Specifically you can find out if they are a 501c3 and then go to the IRS website, to find out how they are funded you would need to look up their 990 tax return and you can access that via guidestar.org.

Shay
stretchmark's Avatar stretchmark 07:37 PM 05-19-2008
Wow, thanks. I thought they were a 501c3 but am not sure. They do operate entirely on donations, sales of books/ goods they make, and "tuition" which is paid from those living there (full time residents only) to have lifetime membership.

I will look into it but if any of the above clarifies their status for you, please respond.
notneb's Avatar notneb 07:40 PM 05-19-2008
From my experience living in and serving as a board member of a non-profit housing cooperative:

They're almost certainly within their rights to make and enforce rules about who they will accept as residents and guests as long as they followed the procedures set out in their by-laws to create or amend community rules. There should also be a process laid out in the by-laws for you to express your disapproval of the new rule.
stretchmark's Avatar stretchmark 07:40 PM 05-19-2008
Oh, and the mission is to serve the awakening of consciousness and be sustainable (forget the actual wording).
stretchmark's Avatar stretchmark 07:44 PM 05-19-2008
OK, they are a 501c3 public charity.
Thanks for that info.
stretchmark's Avatar stretchmark 07:46 PM 05-19-2008
What info am I looking for on the 990?
Ruthla's Avatar Ruthla 07:51 PM 05-19-2008
Quote:
Originally Posted by stretchmark View Post
Oh, and the mission is to serve the awakening of consciousness and be sustainable (forget the actual wording).
It's not too much of a stretch for them to say that their intent is for adults to meditate and whatnot, and child visitors can be a distraction from that.

By allowing kids to stay up to 13 nights overnight, they ARE making some accomodations for parents to be there with their kids.
stretchmark's Avatar stretchmark 07:55 PM 05-19-2008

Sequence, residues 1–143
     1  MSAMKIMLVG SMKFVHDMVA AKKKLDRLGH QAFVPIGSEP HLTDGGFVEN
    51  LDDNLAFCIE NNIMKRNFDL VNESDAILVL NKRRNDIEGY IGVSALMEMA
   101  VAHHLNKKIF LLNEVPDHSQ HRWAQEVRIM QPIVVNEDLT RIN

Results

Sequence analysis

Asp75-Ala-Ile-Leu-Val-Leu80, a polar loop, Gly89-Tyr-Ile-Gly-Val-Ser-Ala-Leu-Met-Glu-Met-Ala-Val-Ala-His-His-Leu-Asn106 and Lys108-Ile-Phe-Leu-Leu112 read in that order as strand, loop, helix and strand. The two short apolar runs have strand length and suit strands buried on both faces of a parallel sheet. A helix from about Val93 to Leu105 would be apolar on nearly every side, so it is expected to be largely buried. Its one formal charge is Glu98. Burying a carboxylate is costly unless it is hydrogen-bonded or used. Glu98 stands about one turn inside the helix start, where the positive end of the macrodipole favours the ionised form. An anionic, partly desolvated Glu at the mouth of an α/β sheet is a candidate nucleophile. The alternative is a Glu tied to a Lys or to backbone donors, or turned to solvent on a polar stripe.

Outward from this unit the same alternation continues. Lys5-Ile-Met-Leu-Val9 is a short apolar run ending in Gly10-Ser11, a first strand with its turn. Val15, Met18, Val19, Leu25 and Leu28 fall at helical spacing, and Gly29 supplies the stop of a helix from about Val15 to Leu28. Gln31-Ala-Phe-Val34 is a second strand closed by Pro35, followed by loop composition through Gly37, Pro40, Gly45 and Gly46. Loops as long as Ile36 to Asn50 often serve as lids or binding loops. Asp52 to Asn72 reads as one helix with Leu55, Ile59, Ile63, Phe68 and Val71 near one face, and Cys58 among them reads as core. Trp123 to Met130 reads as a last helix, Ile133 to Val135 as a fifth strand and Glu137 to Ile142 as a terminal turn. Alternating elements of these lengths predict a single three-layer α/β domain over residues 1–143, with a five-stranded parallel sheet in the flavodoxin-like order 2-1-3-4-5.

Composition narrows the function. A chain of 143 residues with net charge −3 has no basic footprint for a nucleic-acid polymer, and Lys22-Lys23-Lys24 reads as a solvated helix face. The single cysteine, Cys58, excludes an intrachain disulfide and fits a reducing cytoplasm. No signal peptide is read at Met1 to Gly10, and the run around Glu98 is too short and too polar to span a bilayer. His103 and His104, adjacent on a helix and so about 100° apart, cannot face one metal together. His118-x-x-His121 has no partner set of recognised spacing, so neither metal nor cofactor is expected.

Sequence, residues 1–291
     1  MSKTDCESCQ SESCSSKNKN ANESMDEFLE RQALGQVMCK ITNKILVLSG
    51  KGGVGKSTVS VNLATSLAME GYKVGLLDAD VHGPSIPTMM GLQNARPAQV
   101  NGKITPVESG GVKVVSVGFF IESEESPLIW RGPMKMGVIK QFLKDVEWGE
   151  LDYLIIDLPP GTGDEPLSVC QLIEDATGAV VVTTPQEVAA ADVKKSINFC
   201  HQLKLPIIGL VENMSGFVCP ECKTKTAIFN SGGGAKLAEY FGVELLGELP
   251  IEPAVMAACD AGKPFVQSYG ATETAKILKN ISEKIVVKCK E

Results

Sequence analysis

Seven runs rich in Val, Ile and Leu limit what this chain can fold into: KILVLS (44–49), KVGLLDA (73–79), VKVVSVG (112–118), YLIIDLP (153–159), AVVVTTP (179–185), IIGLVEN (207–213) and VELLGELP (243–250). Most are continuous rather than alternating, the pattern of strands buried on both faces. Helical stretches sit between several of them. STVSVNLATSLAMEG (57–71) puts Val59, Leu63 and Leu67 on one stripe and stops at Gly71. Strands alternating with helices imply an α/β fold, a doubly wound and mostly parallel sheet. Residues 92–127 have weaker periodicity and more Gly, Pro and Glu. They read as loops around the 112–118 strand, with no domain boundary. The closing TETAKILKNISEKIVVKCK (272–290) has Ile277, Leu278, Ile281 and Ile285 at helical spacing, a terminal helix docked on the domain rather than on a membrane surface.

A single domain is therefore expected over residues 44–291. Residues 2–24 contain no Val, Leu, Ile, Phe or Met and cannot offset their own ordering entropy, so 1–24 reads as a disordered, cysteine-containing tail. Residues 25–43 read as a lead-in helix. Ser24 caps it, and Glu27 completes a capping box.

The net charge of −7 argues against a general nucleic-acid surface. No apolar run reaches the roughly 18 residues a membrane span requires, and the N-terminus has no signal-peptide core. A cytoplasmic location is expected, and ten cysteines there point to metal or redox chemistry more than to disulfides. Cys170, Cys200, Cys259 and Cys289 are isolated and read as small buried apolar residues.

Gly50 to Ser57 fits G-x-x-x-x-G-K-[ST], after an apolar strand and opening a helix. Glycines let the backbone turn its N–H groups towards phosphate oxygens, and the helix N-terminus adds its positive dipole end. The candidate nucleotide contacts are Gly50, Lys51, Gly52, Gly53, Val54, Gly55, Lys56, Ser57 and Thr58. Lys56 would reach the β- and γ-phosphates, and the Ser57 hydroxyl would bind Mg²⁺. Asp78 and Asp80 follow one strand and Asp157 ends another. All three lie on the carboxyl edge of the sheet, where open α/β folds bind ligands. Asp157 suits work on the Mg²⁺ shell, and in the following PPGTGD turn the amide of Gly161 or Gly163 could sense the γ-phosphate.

The only problem is that there is nothing saying anything about adults meditating. It's a totally open spiritual place honoring all paths. The founders had 4 children and children have lived there many years. It seems to have gotten worse over the years only having one child or none and now seeinmg rules about how little they are welcome is kind of harsh.
sapphire_chan's Avatar sapphire_chan 08:06 PM 05-19-2008
I'd be more concerned about the change in attitude. I don't think that an outsider could do much, but people who regularly use the facility and contribute could attend the meetings and bring up questions about the new direction.
stretchmark's Avatar stretchmark 09:42 PM 05-19-2008
Good point sapphire_chan. They have asked me to be a continuing member and maybe that is where I should start. I do pay tuition, volunteer time, and take one workshop a year. It's a hard thing because this community started in 1968 and was started by people who did acid with Tim Leary and Ram Dass and were obviously hippies. The community had lots of kids back in the day but I guess it has evolved now into what it currently is. Everyone around here says you can't change the place. Everyone that comes up the mountain has their own idea/agenda for the place and that it is what it is.

It's hard too because the resident body changes every year with a few core people staying several years (there is a cap on 7 years) so the feel/rules/ change so often.